While San Diego hasn’t named a Tuesday starter at time of writing, it figures very likely to be Joe Musgrove toeing the rubber. Musgrove, a San Diego native, will be forever heralded there for finally throwing the franchise’s first no-hitter in April against the Texas Rangers. He’s had a career season to date, posting a 2.28 ERA that would smash his previous career-best of 3.86 in 2020. His lone start against the Dodgers in 2021 was a struggle – on April 25, the Dodgers chased Musgrove from the game after only 3 innings, making him throw 77 pitches and putting 7 runners on base early in a game the Dodgers would ultimately drop 8-7. In his career, Musgrove has never beaten LA (0-3, 5.03 ERA). Add in rumors of Cody Bellinger and Max Muncy’s potential returns as early as Tuesday, and the Dodgers ought to have plenty of opportunity to add to Musgrove’s demons.
Game 3: Trevor Bauer vs TBD (Chris Paddack?)
Like Tuesday’s, Wednesday night’s game lacks an announced starting pitcher for the Padres at time of writing. If the rotation follows the order it has recently, the Dodgers would likely see Chris Paddack. After his very solid rookie campaign in 2019, Paddack has been a consistently below average starting pitcher at the big league level. So far in 2021, he’s posted an ERA+ of 90 (10% worse than an average starter) and a -0.5 WAR while allowing a 4.10 ERA. He’s a righty the Dodgers have feasted on in the past to the tune of a 6.94 ERA in the matchup, a trend the Dodgers will hope to continue should they get the chance on Wednesday night.
He’ll be opposed by Trevor Bauer (7-5, 2.45 ERA) for Los Angeles. Bauer has thus far had a successful first campaign in Los Angeles, despite having recently been the subject of much discussion surrounding sticky substances and spin rate. His first two starts after MLB announced it would be cracking down on pitchers’ use of various sticky gripping substances painted an ominous picture, losses to the Braves and Rangers in which he allowed 9 total runs, 7 of them earned over 12.1 rocky innings. He righted the ship in a major way on Friday in Arizona, shutting down the lowly Diamondbacks for 7 scoreless en route to a Dodger win. Given the opponent, though, questions still remain for the often controversial righthander – whether he can replicate Friday’s performance against a lineup of San Diego’s quality remains to be seen.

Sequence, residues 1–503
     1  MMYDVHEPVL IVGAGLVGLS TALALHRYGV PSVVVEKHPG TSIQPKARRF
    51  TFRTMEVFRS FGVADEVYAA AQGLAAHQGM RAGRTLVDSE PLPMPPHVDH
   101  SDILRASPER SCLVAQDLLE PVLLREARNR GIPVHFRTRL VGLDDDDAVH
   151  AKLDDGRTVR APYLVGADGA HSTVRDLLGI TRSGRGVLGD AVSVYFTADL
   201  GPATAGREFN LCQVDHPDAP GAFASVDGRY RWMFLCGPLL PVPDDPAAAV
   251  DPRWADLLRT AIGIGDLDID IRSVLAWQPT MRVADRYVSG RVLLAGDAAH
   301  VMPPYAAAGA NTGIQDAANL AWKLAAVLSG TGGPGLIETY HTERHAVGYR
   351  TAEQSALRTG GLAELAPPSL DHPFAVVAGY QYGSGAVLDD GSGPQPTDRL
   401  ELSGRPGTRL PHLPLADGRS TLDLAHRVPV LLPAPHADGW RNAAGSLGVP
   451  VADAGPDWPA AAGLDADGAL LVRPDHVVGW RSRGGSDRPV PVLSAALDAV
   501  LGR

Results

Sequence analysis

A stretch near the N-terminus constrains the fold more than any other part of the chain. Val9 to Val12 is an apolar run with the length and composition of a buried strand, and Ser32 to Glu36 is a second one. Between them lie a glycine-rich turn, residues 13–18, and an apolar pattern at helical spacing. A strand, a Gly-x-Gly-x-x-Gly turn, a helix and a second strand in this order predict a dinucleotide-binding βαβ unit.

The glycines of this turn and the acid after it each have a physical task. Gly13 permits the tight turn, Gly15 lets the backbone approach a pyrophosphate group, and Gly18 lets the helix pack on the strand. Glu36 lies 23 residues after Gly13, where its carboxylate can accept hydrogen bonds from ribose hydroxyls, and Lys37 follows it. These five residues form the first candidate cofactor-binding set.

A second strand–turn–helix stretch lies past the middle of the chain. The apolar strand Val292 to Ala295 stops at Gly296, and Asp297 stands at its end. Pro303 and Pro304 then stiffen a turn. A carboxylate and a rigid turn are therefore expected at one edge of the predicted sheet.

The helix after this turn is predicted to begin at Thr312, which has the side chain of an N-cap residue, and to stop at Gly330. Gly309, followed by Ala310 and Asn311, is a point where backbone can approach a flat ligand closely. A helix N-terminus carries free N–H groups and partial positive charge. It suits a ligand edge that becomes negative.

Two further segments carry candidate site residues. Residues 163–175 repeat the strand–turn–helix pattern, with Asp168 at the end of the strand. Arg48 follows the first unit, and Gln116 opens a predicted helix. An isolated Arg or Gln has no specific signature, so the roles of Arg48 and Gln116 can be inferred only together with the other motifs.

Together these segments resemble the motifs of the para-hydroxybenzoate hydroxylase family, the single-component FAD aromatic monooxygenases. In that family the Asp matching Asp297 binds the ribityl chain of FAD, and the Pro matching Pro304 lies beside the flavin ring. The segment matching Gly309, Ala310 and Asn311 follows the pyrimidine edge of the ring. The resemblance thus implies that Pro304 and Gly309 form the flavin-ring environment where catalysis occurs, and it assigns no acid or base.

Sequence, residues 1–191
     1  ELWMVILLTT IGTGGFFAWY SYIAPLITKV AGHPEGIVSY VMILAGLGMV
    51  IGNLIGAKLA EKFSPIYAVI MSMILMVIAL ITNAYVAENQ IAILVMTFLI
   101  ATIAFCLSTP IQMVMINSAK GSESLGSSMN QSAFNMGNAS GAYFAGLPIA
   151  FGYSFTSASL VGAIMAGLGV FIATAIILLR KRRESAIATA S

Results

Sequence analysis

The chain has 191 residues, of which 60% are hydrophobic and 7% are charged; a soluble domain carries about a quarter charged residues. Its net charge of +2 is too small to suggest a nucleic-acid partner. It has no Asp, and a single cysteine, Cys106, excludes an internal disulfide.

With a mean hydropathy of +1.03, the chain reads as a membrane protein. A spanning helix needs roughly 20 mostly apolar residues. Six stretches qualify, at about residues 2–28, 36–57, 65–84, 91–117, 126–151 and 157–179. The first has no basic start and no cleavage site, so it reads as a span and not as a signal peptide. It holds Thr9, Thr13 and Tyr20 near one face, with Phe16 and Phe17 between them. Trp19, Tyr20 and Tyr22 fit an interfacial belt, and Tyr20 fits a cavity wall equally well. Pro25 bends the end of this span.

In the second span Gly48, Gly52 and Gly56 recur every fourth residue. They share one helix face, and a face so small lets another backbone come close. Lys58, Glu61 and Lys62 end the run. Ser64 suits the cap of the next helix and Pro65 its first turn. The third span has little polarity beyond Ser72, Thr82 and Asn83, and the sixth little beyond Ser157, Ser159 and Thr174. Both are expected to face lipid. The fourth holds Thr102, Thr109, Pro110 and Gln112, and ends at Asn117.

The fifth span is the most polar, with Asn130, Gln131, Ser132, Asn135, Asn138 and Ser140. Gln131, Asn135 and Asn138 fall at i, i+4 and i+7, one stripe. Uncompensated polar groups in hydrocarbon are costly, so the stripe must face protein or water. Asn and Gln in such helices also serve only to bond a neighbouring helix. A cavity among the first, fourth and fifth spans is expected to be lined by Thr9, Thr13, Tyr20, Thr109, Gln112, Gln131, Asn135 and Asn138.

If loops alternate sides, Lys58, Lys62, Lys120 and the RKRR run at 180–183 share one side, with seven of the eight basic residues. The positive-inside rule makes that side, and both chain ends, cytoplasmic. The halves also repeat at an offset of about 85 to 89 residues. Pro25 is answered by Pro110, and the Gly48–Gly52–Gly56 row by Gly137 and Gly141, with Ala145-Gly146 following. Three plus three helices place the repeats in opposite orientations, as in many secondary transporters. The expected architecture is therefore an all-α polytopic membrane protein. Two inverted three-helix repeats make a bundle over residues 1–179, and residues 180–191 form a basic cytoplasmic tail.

Given the antics surrounding Bauer’s April starts (12.1 innings, 3 earned runs) against the Padres which included sword celebrations on both sides, pitching at times with one eye shut, and nationally televised Padre home runs, the eyes of the baseball world will be especially fixated on Petco Park come Wednesday night.
After a two-week stretch of the Dodgers schedule in which they didn’t play a single team above .500, it will be interesting to see how the team responds heading into a series with the talented Padres. Petco Park will likely be the loudest it’s been since it opened, and the mood will likely be tense with hordes of Dodgers fans heading south to mingle with newly-minted Padres fans who may not remember that the team ever wore navy as a primary color. The range of series outcomes feels completely up in the air – a win Monday night, in likely the Dodgers only game as a betting underdog this season, would go a long way in defining the series’ narrative as the opposing pitching assignments get easier Tuesday and Wednesday.
At the end of the day, remember it’s only June – even should the Padres pull off the unlikely sweep, the Dodgers will maintain position ahead of them in the standings with plenty of season left. It’s a series to anticipate and enjoy, and a measuring stick of where the Dodgers currently stand among NL contenders as they get healthier.